Reply from the Olympics

The Olympic Committee has attempted to explain its actions in relation to the Creative Commons and the Richard Giles affair. This via Techdirt:

Last week, we wrote about the International Olympic Committee’s complaints concerning a guy, Richard Giles, who had posted some images he took at the Beijing Olympics on Flickr under a Creative Commons license. At the time, it wasn’t entirely clear if the complaint was the license or that the photos were up, at all, but as we noted, either way, it didn’t make sense. The IOC has responded and said the main complaint is with the Creative Commons license, but, again, it’s difficult to see how the IOC has any argument at all. The photos were taken by Giles, and thus he has every right to license them as he sees fit — including under CC licenses. Furthermore, as Thomas Hawk points out in the link above, once you license something CC, you can’t go back on it. It’s still not clear why the IOC sees this as a bad thing. Giles is helping to promote their event. For free. Next time, maybe he should just send them a bill.

Olympics threaten photographer

In what is an incredible attempt at Copyfraud and general corporate bullying the nasty International Olympic Committee once again attempts to use its power of intimidation to stamp on an individual photographer (via BoingBoing).

On August 12, 2008 Richard Giles posted the photo Beijing Olympics Water Cube below onto his flickr account under a Creative Commons BY-NC license.

The act of uploading a photo flickr is nothing in unusual since there are over 120 million Creative Commons licensed images on flickr.

So imagine his surprised when he received a letter dated 6 October 2009 from the International Olympic Committee (IOC) in Lausanne Switzerland. This became even better when he read on and saw it was a Cease & Desist letter. Here are some excerpts from the letter

[THE IOC] …has recently become aware that you are currently licensing pictures from the 2008 Beijing Games on you flickr account…

…when entering any Olympic venue, you are subject to the terms and conditions mentioned on the back of the entry tickets, under which images of the Games taken by you may not be used for any purpose other than private, which does not include licensing of the pictures to third parties.

In addition, please be advised that the Olympic identifications such as the Olmpic rings, the emblems and mascots of the Olympic Games, the word “Olympic” and images of the Olympic Games belong to the IOC and cannot be used without its prior consent.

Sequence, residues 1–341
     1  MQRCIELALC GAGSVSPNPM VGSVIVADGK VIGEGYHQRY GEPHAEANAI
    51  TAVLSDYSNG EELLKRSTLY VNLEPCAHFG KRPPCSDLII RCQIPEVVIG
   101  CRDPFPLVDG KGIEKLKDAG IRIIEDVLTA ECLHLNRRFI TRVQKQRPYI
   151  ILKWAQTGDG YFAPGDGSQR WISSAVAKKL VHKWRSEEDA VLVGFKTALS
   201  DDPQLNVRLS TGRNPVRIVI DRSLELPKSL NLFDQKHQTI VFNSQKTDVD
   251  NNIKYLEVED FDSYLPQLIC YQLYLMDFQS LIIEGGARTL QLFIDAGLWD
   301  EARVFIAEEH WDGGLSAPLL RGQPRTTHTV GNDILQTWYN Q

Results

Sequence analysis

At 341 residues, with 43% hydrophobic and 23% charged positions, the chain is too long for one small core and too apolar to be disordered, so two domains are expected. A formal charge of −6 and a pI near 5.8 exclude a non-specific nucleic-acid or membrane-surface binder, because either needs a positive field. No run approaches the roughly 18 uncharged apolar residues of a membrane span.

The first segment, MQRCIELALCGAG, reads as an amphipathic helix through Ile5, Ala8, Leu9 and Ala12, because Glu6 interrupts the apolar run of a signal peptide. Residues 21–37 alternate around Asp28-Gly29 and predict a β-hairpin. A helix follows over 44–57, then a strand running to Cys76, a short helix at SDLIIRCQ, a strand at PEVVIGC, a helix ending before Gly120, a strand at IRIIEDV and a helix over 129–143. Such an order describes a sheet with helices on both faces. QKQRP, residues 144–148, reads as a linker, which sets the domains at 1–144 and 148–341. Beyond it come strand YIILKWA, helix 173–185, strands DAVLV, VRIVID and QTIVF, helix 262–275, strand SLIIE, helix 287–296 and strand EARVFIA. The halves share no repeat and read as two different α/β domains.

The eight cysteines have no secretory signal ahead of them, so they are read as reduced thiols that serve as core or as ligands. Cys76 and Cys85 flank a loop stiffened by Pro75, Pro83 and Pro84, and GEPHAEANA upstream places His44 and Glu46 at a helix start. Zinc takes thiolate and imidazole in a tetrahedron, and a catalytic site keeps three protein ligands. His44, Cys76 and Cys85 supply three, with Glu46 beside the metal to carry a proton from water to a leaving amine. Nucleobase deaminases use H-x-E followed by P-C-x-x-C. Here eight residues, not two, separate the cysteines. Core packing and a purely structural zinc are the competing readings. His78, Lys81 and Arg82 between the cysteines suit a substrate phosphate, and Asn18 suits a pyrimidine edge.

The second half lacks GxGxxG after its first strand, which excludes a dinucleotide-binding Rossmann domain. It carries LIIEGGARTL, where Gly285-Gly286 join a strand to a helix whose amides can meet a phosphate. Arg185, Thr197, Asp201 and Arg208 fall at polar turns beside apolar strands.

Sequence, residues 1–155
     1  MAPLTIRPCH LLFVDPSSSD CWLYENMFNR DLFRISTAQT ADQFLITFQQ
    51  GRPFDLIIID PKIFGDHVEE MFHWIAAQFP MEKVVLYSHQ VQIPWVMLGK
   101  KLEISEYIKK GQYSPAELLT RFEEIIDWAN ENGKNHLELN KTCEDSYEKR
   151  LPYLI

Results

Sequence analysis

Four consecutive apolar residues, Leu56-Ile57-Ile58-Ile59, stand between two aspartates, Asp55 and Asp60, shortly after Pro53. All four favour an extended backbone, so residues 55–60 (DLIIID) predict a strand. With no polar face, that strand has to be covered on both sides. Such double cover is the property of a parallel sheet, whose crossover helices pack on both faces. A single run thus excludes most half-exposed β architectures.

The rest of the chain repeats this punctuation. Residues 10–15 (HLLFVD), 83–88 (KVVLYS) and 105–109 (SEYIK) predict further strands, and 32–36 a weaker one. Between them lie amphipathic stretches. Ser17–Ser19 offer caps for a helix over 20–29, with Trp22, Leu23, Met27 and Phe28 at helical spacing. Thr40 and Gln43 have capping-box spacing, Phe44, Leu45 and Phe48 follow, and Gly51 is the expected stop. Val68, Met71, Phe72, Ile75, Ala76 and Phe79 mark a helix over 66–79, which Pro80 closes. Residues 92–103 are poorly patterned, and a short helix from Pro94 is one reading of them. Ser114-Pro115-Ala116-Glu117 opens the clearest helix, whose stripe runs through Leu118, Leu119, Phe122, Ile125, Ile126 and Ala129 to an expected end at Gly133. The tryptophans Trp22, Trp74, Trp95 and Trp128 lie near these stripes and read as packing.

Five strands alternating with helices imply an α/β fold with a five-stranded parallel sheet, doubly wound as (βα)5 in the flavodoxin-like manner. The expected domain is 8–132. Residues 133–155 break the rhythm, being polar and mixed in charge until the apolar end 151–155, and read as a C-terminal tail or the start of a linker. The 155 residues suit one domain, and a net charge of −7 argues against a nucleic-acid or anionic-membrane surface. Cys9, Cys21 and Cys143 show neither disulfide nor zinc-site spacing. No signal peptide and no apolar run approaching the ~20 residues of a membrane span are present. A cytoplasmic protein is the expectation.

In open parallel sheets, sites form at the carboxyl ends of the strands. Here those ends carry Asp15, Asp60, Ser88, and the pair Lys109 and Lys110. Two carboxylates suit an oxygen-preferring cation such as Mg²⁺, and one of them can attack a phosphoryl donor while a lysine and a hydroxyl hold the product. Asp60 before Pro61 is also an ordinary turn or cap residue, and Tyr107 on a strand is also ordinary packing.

click to enlarge

Ignoring the whole issue of fair use the IOC has a very strange idea of what they are trying to protect and the methods with which they attempt to defend what they believe to be their rights.

First they argue that images can only be used privately and not be licensed. Displaying ones own images on flickr may not be exactly private but it is hardly a commercial activity. Also the fact that he licenses his photo’s under a Creative Commons license cannot be seen as a violation of “…does not include licensing of the pictures …” If he has copyright in the images his right to license them under a CC license cannot be limited.

The next problem occurs (well actually its probably the biggest problem) in the words “…when entering any Olympic venue…” and the problem is… the photograph was taken from outside the the venue.

UPDATE: So actually the IOC refers to all Richards photographs including those taken in the arena. The one’s taken in the arena make for a more complex legal discussion (the terms on the ticket and so on). But even here the main thing is that the IOC allows private use. Richards posting to flickr is included in such use. He is not commercializing his photographs he is displaying his life online.

The last issue is one of trademark. Trademark law naturally can prevent competitors from using others marks. But trademark law cannot be used to prevent a photographer from describing his photo as being from the Olympics. Neither can it, nor does it, prevent us from talking or writing about the Olympics – even without the IOC’s prior consent.

Searching Richards photostream with the search term Olympics gives 287 results. But if you do a general search on flickr you get 860 000 photographs that match the search term. There must be thousands more photographs with Olympic content but are not connected to the search term.  This is not an excuse or a defense but it does make me wonder what the IOC is going to do…